Mas de l’Ecriture in the village Jonquières in the Languedoc took Vinisud as an excuse (?) to show that wines from the region age excellently. Owner and winemaker Pascal Fullà invited us to a tasting of all his 10 vintages, since the start: 1998 to 2008. All wines expressed Pascal’s desire to combine elegance, power and balance. And a very good acidity (giving freshness). What’s the secret behind this acidity, we asked Pascal? “It’s the work in the vineyard”, he says, “to harvest ripe grapes but never too ripe. And then have a soft extraction and do the malolactic fermentation on the skins”. Sounds deceptively simple, doesn’t it?


Clos Centeilles with their unique cinsault wines

Clos Centeilles in Minervois was actually one of the first Languedoc producers we discovered in the early 90s. At that time they had just started out – today they celebrate their 20th anniversary. The celebration included organising a vertical wine tasting at Vinisud with their Capitelle de Centeilles, made from the owner’s, Patricia Boyer-Domergue’s, favourite grape, the cinsault (100%). It is the oldest of the permitted grapes in the Languedoc, she says, and it is capable of doing much better things than people generally think. Which the vertical showed well with vintages from 2008 to 2000. The ten year old wine was very lively with an intense aroma and concentrated on the palate. In the right hands a cinsault can indeed express both elegance, fruit and freshness. Happy 20 years Centeilles!


Chateau des Estanilles – we meet the new owner

Château Estanilles is a well-known, no to say famous, property in Faugères in the Languedoc, not least thanks to the charismatic (previous) owner Michel Louison. Times are changing and the winery has changed hands. At Vinisud we met briefly with the new owner, the young Julien Seydoux, and talked about his plans.

“We have many projects”, he says, “both concerning the wine style and the cellar. We will change the 225 litre barrels and start using the600 l semi-muids, and we’ll probably get a few fermentation vats in oak. And we’ve hired Claude Gros as a consultant”. Gros is based in Narbonne and has clients everywhere, but most are in the Languedoc-Roussillon. “He makes wines I like” says Julien, “lots of fruit, only a slight touch of wood, made from ripe grapes. It is very important to work with the ripeness. And we want to have wines that are good to drink young, but that also can age. It’s important to retain the fruit and protect the must from oxidation, for example by putting the grapes in a cooling room after the harvest.” Julien wants to but his stamp on the wines, just like Michel Louison did. “He was very focused on terroir”, says Julien, “he had a more traditional style than what we will be looking for. The vineyards are in perfect shape but we have lots to do in the wine cellar.”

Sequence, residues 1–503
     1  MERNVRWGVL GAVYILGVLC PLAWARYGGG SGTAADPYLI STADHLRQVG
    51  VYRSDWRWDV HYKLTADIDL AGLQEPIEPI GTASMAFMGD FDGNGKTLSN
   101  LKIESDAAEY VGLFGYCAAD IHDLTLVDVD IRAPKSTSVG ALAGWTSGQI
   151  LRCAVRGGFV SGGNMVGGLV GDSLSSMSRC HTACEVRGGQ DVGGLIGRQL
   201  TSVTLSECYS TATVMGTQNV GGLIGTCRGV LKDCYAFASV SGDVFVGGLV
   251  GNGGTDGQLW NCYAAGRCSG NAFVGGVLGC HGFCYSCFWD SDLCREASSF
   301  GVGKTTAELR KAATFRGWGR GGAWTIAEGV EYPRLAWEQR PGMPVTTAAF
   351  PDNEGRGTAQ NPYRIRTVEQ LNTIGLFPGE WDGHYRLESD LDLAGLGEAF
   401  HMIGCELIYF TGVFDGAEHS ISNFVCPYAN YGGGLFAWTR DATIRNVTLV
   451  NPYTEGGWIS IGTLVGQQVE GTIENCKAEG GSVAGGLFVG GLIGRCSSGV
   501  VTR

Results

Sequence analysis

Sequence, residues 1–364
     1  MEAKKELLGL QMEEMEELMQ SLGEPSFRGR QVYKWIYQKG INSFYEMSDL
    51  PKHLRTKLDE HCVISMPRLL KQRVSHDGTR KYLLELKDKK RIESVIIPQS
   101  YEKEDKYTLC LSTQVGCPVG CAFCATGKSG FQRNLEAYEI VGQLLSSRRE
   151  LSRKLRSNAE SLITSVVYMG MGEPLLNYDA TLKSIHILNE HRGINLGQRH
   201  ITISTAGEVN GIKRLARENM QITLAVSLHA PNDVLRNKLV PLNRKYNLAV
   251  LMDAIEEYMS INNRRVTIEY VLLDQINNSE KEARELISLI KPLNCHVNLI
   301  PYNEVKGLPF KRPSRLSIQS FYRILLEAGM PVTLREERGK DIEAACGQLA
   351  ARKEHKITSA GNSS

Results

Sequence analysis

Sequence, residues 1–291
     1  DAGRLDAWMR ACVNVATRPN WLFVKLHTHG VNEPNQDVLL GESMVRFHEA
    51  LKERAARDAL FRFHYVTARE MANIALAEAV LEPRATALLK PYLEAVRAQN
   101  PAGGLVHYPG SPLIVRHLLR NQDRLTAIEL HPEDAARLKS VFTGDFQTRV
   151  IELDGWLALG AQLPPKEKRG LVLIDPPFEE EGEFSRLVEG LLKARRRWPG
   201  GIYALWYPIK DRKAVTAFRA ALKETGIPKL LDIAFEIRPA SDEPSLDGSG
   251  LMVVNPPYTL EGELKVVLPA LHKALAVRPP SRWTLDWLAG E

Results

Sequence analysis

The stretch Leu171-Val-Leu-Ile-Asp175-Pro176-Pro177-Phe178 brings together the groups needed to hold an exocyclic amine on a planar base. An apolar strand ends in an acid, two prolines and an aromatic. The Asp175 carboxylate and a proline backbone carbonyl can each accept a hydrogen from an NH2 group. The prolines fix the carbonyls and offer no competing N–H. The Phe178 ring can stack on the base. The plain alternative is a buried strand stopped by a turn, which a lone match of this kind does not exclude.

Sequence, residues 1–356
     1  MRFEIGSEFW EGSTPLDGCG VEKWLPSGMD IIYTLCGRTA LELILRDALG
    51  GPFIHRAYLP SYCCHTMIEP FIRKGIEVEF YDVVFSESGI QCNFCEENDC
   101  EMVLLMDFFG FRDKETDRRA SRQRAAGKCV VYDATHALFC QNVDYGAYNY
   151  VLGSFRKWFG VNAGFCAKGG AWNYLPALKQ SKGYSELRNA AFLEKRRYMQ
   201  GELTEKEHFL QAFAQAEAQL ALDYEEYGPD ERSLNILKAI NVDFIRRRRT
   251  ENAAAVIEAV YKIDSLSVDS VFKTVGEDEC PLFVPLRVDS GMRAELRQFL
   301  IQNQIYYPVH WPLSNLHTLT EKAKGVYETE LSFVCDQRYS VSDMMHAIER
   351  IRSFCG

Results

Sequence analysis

Vinisud 2010 - looking back

Vinisud is the second biggest wine show in France. This year it was on February 22-24. 1631 exhibitors were there to present their “Mediterranean” wines. Many came from the Languedoc-Roussillon, the Rhône Valley, Sud-Ouest, Prevence and Corsica but also some other countries are represented. Vinisud is on every second year, the years when Vinexpo is not (which is the biggest show). It is in Montpellier and is one of our favourite wine shows, since we are always on the lookout for new and exciting producers from the south of France. And you can find many of those here. We did discover some gems that we will share with you in future BKWine Breifs.

This was the 9th edition and the total number of visitors reached 32 269 (about the same as last time in 2008). 27% came from outside of France (but curiously few were Anglo-Saxon journalists or from Scandinavia). Daytime at the fair was busy and at night in town was not calmer. Many exhibitors (and some non-exhibitors) organised musical evenings, tastings etc. We went to the crazy jazz evening organised by Les Vinifilles, 18 women winemakers in Languedoc-Roussillon: Rives-Blanques, Jasse-Castel, Coupe-Rose, La Grange de Quatre Sous, Mas Champart, Domaine Ollier Taillefer to mention a few. We also went to the magnificent museum to meet with WoW, Worldwide Original Winemakers, 15 producers from all over the globe: Champagne Tarlant, Domaine du Grand Cros in Provence, Domaine du Tracot in Beaujolais, Pares Balta in Catalonia and Val di Toro in Maremma in Tuscan were among those we talked to.